DeMint continues sounding alarm about NLRB's attempted Boeing Coup d'état

DeMint continues sounding alarm about NLRB's attempted Boeing Coup d'état

South Carolina Sen. Jim DeMint takes on the NLRB again his Human Events column: Like so many federal programs, the National Labor Relations Board (NLRB) has expanded its mission far beyond its original purpose in order to wage ideological battles on the taxpayers’ dime. The NLRB was never meant to micromanage where companies can locate or how many products they can manufacture, as the NLRB under the Obama administration is currently seeking to do. To stop it, Congress should exercise its power of the purse to return the board to its original mission. The NLRB was originally established to oversee union elections and investigate violations of federal labor laws. These days it’s doing less of that than ever. In 1980, the NLRB conducted 8,531 union elections around the country, with a budget of $108 million. In 2009, it oversaw only 1,704 union elections, with a budget of $261 million. Union membership has plummeted by more than 40% since the 1980s. The rapid collapse of organized labor in America’s private sector has reduced the need for union elections—and thus, the NLRB itself—by 80% over the last three decades. Yet its budget—adjusted for inflation—remains essentially unchanged. Hence the board’s recent drift into freelance assaults on economic freedom: While 20% of its budget may be needed to perform its real job, the board seems to be misusing the other 80% for ideological mischief. The current NLRB is expanding its mission far beyond the original intent. Consider what Craig Becker, an NLRB appointee who was rejected by the Senate and then recess-appointed by President Obama, has said. “Just as U.S. citizens cannot opt against having a congressman, workers should not be able to choose against having a union as theirmonopoly-bargaining agent.” Not only has the NLRB launched an unprecedented attack on right-to-work states and job creators, it is now actively silencing nonunion workers in order to give unions a leg up in its legal case against The Boeing Company. This branch of the federal government, charged with protecting workers' rights, is suing a company on behalf of workers who are not in danger of losing their jobs, while refusing to listen to the concerns of three workers whose jobs actually are threatened by the NLRB's own actions. And the NLRB is now suing two states, Arizona and South Dakota, in an effort to overturn democratically passed laws that protect a worker's right to a secret ballot in those states. The NLRB is actually taking the stance that union bosses should be able to force workers to sign cards in public to join a union, a practice known as "card check," instead of making the decision in private without fear of intimidation. This is not enforcement—this is extremism.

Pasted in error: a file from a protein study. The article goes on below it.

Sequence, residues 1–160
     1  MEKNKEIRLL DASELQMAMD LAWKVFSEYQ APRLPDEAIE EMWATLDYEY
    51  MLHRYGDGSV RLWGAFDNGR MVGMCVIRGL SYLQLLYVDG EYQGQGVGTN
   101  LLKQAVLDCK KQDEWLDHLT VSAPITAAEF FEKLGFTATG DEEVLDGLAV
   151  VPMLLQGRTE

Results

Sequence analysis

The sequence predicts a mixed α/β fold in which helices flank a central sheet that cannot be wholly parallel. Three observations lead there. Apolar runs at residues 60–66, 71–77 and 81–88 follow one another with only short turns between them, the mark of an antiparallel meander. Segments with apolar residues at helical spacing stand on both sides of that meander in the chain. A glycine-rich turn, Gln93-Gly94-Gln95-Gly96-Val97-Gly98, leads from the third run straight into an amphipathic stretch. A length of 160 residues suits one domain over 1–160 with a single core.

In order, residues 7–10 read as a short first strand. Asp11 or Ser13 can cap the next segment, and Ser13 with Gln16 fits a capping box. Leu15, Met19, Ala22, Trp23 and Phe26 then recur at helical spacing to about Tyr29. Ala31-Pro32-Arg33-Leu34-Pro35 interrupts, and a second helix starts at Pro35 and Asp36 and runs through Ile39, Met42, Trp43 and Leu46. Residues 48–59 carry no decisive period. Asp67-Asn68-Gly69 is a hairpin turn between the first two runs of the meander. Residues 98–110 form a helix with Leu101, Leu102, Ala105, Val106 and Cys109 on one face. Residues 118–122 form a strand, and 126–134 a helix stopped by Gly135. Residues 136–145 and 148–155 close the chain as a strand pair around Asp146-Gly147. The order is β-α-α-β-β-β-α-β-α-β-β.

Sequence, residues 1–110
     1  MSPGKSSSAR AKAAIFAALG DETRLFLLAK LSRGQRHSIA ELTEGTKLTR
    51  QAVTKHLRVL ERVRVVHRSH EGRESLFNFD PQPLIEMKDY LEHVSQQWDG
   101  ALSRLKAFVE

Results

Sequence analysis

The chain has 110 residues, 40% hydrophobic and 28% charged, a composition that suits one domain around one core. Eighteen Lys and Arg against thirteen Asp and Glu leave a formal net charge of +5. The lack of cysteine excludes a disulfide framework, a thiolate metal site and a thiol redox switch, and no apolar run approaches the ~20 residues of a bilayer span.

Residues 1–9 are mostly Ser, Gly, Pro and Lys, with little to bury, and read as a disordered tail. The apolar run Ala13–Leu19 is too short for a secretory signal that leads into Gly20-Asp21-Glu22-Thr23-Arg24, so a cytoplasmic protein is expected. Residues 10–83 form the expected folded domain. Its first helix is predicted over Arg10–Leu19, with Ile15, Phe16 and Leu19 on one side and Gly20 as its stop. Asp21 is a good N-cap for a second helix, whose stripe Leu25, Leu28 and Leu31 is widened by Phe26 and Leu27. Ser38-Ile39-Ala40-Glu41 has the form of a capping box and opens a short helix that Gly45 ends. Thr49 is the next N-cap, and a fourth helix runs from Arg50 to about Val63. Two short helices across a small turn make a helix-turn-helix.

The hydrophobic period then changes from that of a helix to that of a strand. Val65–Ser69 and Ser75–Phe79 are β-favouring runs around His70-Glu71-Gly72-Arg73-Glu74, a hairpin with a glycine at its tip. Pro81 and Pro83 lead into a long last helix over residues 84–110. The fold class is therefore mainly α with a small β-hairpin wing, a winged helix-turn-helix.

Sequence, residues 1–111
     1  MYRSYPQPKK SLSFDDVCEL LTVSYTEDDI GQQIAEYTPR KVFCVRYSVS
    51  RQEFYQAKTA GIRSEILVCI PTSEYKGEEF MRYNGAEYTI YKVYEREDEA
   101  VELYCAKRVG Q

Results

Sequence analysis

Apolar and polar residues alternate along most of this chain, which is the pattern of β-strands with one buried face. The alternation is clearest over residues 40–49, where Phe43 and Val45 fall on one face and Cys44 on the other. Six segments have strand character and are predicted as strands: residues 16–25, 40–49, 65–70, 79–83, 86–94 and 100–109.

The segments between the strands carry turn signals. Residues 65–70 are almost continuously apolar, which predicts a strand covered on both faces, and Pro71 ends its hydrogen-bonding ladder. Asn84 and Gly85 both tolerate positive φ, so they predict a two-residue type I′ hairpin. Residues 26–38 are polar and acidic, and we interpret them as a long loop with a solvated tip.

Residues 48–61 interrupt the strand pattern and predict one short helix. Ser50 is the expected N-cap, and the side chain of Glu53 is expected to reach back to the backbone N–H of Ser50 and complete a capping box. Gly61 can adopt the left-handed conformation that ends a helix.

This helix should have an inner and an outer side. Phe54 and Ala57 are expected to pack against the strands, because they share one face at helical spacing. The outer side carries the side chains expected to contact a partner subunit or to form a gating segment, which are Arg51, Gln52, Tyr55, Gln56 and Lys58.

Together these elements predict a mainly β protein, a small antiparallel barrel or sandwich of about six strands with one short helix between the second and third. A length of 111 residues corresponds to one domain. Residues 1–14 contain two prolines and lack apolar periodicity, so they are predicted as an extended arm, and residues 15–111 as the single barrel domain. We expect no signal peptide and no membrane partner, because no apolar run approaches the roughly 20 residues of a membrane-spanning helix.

AFL-CIO President Applauds Obama Bureaucrats